The early Hawaiians had no knowledge of modern-day science, physics, or prisms.
So just imagine, for a moment, what came into their minds when they saw a Rainbow. Was this a God or Goddess standing before them? Were these radiant colors in the sky an entry into another island, a door into Heaven where their ancestors were? Or was it a warning, a sign that trouble is brewing? As you would expect from the people who created Aloha*, the rainbow was considered a blessing. No doubt, the first voyagers to land in Hawai’i saw the rainbows and knew they were in the land of blessings!
Magical, mysterious, mercurial.
These arcs of glowing multicolored light reach deep into our collective human consciousness and stir memories that touch us deeply. They move us to stop everything and just witness this amazing planet and all its blessings.
Do you remember where or when you first saw a rainbow?
Did you point into the sky and ask, Mama, what’s that? Or did you first see one in a child’s book that your tutu* was reading to you? Maybe it was in a story you studied in school about a leprechaun and a pot of gold? Or, if you grew up “living with rainbows,” perhaps it was a story about a Rainbow Maiden in Manoa Valley, on the island of Oahu, who was known to dance across the jagged mountain cliffs, painting dazzling colors.
The Hawaiian name for Rainbow is ānuenue*.
One of the State of Hawaii’s nicknames besides “The Aloha State” is “The Rainbow State.” Car license plates have portrayed a rainbow since 1991.
The University of Hawaii’s men’s sports teams are called The Rainbow Warriors, and their girls Volleyball team is The Rainbow Wahine*. There are many songs sung about rainbows and a myriad of hand motions in hula depicting them. There are even Rainbow Eucalyptus trees in Hana, Maui.
Many hotels sport the Rainbow Bar, Rainbow Room or the Rainbow Tower. Hilton Hawaiian Village, the famous landmark hotel in Waikiki, has a beautiful mosaic of a rainbow for all to see.
Let us not forget the stunning waterfall outside of Hilo on the Big Island of Hawai’i, called Rainbow Falls.
It is named Rainbow Falls as there is a rainbow at the base of it more often than not.
Rainbows are a frequent occurrence in Hawai’i. They are primarily due to the regular passing showers and lovely misty rains, combined with the abundance of sunshine, which are both constant companions in the vibrant, blue skies.
Of course, Hawai’i is not the only place with rainbows.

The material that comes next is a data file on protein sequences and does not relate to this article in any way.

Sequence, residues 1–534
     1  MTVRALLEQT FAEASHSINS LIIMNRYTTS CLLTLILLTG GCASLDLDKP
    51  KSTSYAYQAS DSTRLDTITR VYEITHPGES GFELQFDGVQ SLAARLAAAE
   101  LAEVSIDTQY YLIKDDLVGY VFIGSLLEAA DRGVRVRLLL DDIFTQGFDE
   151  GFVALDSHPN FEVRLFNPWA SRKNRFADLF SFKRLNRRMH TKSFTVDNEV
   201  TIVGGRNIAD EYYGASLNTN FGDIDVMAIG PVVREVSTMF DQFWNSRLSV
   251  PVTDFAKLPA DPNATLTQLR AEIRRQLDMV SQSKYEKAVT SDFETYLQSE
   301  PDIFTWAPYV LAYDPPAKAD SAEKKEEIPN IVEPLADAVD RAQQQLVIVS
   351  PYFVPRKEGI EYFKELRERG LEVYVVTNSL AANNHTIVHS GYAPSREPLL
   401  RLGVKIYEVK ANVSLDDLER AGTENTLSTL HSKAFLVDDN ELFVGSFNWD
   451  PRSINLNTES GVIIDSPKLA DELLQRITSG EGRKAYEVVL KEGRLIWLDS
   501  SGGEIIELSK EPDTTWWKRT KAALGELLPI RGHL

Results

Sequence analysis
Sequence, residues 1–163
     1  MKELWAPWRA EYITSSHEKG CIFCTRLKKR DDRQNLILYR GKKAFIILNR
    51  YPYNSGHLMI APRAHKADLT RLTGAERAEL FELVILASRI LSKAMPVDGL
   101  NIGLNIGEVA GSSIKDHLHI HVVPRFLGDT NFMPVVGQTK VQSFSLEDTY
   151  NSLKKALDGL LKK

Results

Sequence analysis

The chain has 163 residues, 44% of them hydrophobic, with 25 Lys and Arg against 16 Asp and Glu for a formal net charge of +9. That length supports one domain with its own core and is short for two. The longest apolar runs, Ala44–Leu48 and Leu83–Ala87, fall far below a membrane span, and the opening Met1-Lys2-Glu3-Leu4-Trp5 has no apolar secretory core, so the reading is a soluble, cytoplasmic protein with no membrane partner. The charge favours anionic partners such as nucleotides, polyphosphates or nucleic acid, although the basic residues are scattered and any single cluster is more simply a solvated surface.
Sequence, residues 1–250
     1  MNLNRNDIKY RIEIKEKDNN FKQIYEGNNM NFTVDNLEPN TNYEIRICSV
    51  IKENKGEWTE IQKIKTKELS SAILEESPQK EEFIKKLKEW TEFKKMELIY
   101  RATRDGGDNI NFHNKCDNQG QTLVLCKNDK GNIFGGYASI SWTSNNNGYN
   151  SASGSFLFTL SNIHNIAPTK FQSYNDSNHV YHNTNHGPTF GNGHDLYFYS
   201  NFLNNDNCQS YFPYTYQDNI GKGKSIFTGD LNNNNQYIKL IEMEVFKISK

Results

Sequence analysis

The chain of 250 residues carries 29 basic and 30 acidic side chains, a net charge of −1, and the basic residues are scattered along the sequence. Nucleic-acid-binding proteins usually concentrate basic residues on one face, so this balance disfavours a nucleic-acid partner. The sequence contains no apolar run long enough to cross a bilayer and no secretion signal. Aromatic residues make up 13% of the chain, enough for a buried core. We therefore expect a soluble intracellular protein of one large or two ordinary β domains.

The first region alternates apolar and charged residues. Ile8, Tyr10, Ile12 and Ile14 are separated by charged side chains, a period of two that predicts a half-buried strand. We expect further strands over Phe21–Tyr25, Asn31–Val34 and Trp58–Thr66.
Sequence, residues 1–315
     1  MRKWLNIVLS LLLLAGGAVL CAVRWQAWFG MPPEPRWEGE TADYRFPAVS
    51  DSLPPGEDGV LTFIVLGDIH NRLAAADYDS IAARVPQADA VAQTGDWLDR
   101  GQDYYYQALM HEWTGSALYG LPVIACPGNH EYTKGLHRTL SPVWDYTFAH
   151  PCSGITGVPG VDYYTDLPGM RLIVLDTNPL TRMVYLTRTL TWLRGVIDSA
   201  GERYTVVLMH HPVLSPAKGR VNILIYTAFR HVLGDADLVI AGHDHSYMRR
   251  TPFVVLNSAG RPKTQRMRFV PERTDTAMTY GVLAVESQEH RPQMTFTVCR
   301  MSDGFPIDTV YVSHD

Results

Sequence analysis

When rain opens up to sunlight that is low in the sky, there will most likely be a rainbow.
So, why are rainbows in Hawai’i seemingly more spectacular? What makes visitors and locals alike vacate their cars on the side of the road to capture photo after photo of Hawaii’s breathtaking ānuenue?
Before we speculate on the answer to this question, let’s start with how ānuenue fits into Hawaiian history and mythology.
Mānoa Valley on ‘Oahu is the valley known as the royal palace of rainbows.
According to legend, the Rainbow Maiden was born there of divine wind and the ua wa’ahila* (the rain particular to Mānoa Valley). Her name was Kahalaopuna*.
It was in Mānoa Valley that she danced across the pali* and throughout the sky, painting those brilliant bands of colorful light. It is said that the beautiful Rainbow Maiden can be seen wherever the light of the sun caresses the misty rain.
- The height of Hawaii’s mountains
- The island chain’s distance from the equator
- Air currents that move across the sea gathering moisture
This moisture gives birth to ānuenue. It is gathered on the air currents and is carried like a makana* to the mountains of Hawai’i. The gift from these air currents, which have crossed thousands of miles of ocean, is the small salt particles that are taken from the ocean’s surface by the air currents and then brought to these mountains.
What does this have to do with rainbows? Why are they so vivid in Hawai’i?
Apparently, rainbows need some type of microscopic particle to form around a particle, which is called a nucleus. Many things can be a nucleus for rainbows on big land masses. For example, on the mainland, rainbows often use dust, car exhaust, and other air pollutants as their nucleus.